Binge eating disorder also called "compulsive eating"
Is the overuse and over consumption of food.
It can be intensive on short periods of time and even...
most of the time!
This behavior is compulsive and difficult to control.
It is an addiction to food that you don’t want to admit.
Yes...It is possible to develop a healthy addiction or compulsion, such as:
#1. You must make an honest assessment and admit to yourself that you do have binge eating disorder, compulsive behaviours towards food, healthy addictions as well as unhealthy addictions and habits.
#2. You must be willing, on your own, to want to change the unhealthy binge, compulsive, habitual and addictive behaviours. Unless you want to change the behaviours for your own sake rather than to please someone else, you will lack the strength of motivation and conviction to follow through with the decision and behaviours needed to change.
#3. You must be willing to admit to yourself that to change any habit or old behaviour is a difficult task and you must be willing to set realistic goals for yourself.
#4. Once you identify the target behaviours to be changed, monitor yourself for the next month and keep a daily log of your behaviours. Each night put the log in your journal and answer the following questions concerning your binge eating behaviour:
A. How often did I binge on food today?
B. What did I do? What were the dimensions and size of my behaviour?
C. Were there other people around or was I hiding?
D. What was my emotional tone while I engaged in the behaviour?
E. Was there any significant event or cue preceding my binging?
F. Where do I commonly have such a behaviour?
G. How do I feel after binging?
#5. After you spend a month of daily logging in these target behaviours, look for a pattern present in your habits and determine: WHERE? Usually in home, kitchen, bar, work site, restaurant... TIME OF DAY? Usually in morning, evening, at lunch, after work... WHEN? On Fridays only, on pay days only, every day, weekends only... HOW LONG IT LASTS? Usually 3 minutes or less, 30 minutes... STATE OF EMOTION PRECEDING THE BINGING? Usually anxious, happy, depressed,stressed... STATE OF EMOTION AFTER THE BINGING? Usually guilt, remorse, fear, depression, anger, disappointment... IN WHAT SOCIAL ENVIRONMENT? Hiding and alone, with a specific person every time, in a social setting...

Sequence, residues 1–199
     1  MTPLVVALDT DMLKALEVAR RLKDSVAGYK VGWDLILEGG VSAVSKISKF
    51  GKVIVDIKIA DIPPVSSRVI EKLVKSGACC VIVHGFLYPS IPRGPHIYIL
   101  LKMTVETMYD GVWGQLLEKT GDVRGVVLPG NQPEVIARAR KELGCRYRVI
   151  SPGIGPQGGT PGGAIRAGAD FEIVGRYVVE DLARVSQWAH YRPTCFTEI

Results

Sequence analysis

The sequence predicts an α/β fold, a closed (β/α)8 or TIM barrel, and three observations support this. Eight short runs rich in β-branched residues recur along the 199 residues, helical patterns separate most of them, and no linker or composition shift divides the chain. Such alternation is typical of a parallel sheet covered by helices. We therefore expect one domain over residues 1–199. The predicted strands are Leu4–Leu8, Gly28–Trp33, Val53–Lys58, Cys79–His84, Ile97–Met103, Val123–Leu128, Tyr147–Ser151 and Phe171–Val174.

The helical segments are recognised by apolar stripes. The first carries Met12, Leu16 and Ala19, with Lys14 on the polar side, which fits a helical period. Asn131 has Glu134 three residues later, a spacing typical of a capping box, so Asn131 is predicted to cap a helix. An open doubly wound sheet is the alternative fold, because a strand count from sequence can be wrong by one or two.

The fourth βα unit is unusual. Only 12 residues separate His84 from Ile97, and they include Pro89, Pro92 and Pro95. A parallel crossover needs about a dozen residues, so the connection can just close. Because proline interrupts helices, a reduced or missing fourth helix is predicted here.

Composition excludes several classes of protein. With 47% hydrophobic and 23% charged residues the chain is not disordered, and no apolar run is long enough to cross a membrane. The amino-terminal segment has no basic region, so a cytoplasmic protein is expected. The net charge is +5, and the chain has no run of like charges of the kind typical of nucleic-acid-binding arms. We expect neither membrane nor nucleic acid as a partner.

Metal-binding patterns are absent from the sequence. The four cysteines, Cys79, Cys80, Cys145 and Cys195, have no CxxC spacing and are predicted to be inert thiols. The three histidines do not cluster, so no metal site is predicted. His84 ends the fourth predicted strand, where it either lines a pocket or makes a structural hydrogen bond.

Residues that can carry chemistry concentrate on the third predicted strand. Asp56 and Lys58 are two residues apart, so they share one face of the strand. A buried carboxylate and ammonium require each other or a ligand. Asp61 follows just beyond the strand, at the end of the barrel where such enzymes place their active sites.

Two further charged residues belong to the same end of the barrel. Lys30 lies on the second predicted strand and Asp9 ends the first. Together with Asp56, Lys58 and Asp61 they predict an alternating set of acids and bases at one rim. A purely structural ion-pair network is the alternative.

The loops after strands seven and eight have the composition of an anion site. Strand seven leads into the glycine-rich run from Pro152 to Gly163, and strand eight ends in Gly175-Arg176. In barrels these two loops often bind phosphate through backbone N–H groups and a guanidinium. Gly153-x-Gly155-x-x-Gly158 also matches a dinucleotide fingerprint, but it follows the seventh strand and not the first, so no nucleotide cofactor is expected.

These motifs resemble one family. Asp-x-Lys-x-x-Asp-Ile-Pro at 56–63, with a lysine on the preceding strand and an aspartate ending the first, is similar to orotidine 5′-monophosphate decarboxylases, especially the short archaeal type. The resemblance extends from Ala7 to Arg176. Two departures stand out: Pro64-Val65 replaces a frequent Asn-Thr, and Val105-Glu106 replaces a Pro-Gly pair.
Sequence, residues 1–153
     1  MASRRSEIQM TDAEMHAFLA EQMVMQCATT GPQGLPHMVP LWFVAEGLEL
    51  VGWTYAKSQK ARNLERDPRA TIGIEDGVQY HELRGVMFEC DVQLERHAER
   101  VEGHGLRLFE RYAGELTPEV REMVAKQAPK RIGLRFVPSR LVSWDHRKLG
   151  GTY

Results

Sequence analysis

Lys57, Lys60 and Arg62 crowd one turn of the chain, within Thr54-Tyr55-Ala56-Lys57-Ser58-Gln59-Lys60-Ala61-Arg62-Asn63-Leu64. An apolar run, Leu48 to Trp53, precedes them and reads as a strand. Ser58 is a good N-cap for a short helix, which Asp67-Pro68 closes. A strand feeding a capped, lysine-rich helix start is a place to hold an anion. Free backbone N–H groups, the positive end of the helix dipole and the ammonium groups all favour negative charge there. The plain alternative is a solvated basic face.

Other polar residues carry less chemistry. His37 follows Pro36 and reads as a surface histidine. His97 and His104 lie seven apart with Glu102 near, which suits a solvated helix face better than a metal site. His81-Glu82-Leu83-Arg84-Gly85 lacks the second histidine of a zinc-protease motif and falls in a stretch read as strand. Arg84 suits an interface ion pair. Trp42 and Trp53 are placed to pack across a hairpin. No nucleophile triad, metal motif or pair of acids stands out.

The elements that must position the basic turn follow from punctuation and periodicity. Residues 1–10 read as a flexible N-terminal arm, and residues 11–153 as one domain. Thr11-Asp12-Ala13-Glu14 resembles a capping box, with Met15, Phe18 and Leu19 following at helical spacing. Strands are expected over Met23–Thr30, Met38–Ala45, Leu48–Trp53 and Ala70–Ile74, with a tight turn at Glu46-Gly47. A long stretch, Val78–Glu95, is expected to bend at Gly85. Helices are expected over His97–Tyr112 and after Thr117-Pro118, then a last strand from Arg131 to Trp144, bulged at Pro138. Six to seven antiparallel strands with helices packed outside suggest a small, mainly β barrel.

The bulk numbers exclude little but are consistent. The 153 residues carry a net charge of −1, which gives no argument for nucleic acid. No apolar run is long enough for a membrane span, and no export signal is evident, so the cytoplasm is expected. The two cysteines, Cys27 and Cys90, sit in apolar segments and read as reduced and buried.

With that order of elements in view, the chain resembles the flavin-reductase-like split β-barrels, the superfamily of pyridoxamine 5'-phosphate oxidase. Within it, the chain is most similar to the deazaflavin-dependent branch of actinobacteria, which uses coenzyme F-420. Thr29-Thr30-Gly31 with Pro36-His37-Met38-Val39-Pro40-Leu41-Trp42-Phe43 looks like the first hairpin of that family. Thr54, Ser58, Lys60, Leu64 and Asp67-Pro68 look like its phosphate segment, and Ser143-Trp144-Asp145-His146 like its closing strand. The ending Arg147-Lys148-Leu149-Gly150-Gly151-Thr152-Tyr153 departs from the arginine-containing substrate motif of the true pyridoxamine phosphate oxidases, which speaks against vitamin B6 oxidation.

#6. Review the log and look for patterns. Do a chain analysis on selected events to see if the patterns you identified in Step 5 can be further clarified.
#7. Now that your log, pattern analysis and behaviour chains are completed, determine which of these next corrective actions need to be taken. A. What needs to be restructured at home, at work and in the community to make it more difficult for yourself to engage in these behaviours? B. What changes need to be made in your daily, weekly and monthly schedule in order to reduce the opportunities for the binge eating disorder to occur? C. What self-monitoring or social support systems do you need to establish to help control or stop thinking about engaging in spontaneous eating? D. What thought-stopping techniques do you need to use to avoid thinking about binging? E. What do you need to do to remind yourself to change habitual ways of acting so that you are not continually hard on yourself if you "fall off the waggon?'' F. What action plan can you set up to ensure you'll "jump back on the waggon" after failure?
#8. After answering the Step 7 issues, you are now ready to develop a plan of action. Set a realistic time frame. Be sure you have a support system to help you. Be sure you reevaluate the steps included in your plan.
#9. Take action on your new set plan and monitor the results.
#10. If still unsuccessful, go back to Step 1 and begin again.
From this "Binge Eating Disorder"page" back to "Vegetable Nutrition Facts" page.